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November 09, 2006

Technology Review: BP Solar Sticks with Silicon

BP Solar Sticks with Silicon An industry giant says a tweak to silicon manufacturing could beat more exotic materials approaches over the next decade. By Kate Greene It's boom time for solar power, as a rising tide of startups tout various approaches--from organic thin films to concentrating light with holograms--for harvesting energy from the sun. But amid the flurry of nascent technologies, BP Solar, a 30-year-old subsidiary of oil giant BP, is betting that old-fashioned silicon still holds the most potential for cost-effective solar power in the next decade. In its latest move, the company has developed a solar module--a collection of solar cells--using a new silicon-manufacturing approach that the company says drives down the cost of generating solar power. The new technology boosts power production 8 percent without a price increase, the company says. BP Solar will begin production of these modules by mid 2007. Technology Review caught up with Lee Edwards, president and CEO of BP Solar, to ask about the new technology and other efforts at the company. Technology Review: You say your new silicon prototype--which you call Mono2--increases efficiency of your solar cells without increasing the cost. What is Mono2?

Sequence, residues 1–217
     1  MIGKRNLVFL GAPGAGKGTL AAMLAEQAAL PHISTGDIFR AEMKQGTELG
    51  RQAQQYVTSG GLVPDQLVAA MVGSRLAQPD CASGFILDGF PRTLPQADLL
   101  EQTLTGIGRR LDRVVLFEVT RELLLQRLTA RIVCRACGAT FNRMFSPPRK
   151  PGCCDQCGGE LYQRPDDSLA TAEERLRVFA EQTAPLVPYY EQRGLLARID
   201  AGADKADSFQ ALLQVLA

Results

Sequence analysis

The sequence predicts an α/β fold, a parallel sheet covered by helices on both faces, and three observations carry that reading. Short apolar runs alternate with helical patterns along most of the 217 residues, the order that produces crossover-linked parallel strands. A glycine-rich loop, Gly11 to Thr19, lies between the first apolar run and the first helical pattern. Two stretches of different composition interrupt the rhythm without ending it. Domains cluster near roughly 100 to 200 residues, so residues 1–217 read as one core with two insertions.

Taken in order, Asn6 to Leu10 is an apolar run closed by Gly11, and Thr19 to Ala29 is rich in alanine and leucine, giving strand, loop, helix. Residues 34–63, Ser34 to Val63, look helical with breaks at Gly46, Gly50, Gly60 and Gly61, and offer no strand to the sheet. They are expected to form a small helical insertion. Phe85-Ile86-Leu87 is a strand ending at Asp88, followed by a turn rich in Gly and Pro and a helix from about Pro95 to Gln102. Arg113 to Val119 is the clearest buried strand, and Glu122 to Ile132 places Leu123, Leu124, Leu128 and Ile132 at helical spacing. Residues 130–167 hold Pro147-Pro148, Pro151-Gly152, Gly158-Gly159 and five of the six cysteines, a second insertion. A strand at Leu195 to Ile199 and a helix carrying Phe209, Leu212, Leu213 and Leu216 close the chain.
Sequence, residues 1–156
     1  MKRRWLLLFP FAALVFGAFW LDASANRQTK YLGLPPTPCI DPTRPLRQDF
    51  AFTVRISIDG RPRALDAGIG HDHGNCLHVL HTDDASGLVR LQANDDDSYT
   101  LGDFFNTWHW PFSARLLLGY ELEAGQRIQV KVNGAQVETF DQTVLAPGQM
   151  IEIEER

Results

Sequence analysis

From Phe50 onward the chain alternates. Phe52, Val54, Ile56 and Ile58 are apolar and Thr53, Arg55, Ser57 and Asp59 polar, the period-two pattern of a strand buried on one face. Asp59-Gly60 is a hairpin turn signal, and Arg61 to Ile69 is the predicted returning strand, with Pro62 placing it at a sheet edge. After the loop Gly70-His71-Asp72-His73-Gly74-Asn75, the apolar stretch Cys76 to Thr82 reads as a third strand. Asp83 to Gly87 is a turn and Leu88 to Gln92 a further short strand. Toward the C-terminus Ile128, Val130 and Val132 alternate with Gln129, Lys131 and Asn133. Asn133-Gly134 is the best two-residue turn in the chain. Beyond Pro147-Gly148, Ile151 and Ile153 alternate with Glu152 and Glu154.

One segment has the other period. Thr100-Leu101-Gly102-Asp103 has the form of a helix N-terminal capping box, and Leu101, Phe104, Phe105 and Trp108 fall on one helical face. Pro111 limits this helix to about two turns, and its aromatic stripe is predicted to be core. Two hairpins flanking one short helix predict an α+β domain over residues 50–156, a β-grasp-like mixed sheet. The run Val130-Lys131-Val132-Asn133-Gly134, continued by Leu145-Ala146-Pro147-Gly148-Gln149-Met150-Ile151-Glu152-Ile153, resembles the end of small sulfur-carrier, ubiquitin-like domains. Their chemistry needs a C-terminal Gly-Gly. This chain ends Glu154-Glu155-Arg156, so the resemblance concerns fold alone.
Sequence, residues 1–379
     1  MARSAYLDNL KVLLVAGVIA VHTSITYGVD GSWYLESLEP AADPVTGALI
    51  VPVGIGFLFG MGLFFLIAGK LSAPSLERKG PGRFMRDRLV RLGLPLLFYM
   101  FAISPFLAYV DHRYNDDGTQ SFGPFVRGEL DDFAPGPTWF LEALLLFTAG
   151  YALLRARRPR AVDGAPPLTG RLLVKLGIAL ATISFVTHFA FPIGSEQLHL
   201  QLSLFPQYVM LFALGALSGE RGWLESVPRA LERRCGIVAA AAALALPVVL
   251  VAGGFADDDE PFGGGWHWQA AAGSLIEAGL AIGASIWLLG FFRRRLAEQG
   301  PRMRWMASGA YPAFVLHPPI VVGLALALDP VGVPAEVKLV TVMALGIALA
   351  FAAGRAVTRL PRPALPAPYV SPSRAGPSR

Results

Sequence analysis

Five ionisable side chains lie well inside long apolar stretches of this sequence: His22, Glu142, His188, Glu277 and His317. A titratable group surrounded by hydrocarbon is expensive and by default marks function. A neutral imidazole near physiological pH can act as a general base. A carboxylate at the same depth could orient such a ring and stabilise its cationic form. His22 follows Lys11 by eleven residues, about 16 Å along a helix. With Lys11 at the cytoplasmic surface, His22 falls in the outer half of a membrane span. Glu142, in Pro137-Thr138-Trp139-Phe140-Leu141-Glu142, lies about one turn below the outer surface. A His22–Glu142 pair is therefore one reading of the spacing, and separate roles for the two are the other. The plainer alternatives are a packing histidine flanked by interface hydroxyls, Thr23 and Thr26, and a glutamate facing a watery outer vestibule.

Posted by dymaxion at November 9, 2006 01:11 PM


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